According to this interesting article, a federal judge has recently set the sentencing date for four plant managers convicted of environmental and safety crimes on April 26, 2006. The sentencings are now set for April 24, 2009 — nearly three years later.
It is not clear what has caused the delay. Federal prosecutors filed a motion in December to speed things up. They argued that the sentencing delay affected public perception of justice. They also cited the Crime Victims' Rights Act, which promises crime victims that they have a right to a trial "free from unreasonable delay." The case involves a forklift accident at a foundry that killed a plant worker.
It's hard for me to imagine what could reasonably cause a three-year delay in sentencing.
Update: Here is a copy of the Government's "Motion to Set a Sentencing Date Pursuant to the Crime Victims' Rights Act." The Government's claim:
More than two and one-half years have now elapsed since the jury in this case convicted these Defendants of multiple, serious crimes. Several of those offenses related to Defendants’ systematic deception and obstruction of OSHA after Atlantic States employees were killed or maimed at the facility. Among the many concerns the Government has regarding delay of sentencing – including loss of trial participants, public perception, and absence of witnesses in the event of retrial – is the right of crime victims to proceedings free from unreasonable delay as mandated by the Crime Victims’Rights Act. See 18 U.S.C. § 3771(a)(7). It is clear from the Act that its terms apply during the sentencing phase of the court proceedings. See, e.g., 18 U.S.C. § 3771(a)(4). Pursuant to 18 U.S.C. § 3771(d)(1), the Government may assert the rights set forth under 18 U.S.C. § 3771(a), including the right to proceedings free from unreasonable delay. The district court shall take up and decide such motion forthwith. 18 U.S.C. § 3771(d)(3).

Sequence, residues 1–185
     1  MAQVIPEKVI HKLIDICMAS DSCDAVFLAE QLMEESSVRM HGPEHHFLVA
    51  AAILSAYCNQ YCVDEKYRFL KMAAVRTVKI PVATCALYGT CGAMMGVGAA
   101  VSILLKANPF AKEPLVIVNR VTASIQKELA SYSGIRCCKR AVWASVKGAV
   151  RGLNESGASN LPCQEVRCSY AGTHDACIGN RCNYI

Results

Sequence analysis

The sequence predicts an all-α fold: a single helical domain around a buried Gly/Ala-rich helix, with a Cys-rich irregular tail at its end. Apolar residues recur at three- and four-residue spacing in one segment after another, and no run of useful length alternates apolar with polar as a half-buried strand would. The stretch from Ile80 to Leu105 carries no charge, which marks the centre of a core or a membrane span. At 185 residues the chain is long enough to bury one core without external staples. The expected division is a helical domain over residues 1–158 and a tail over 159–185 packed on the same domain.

Based on the delay, the Government asked for a sentencing date to be set "promptly."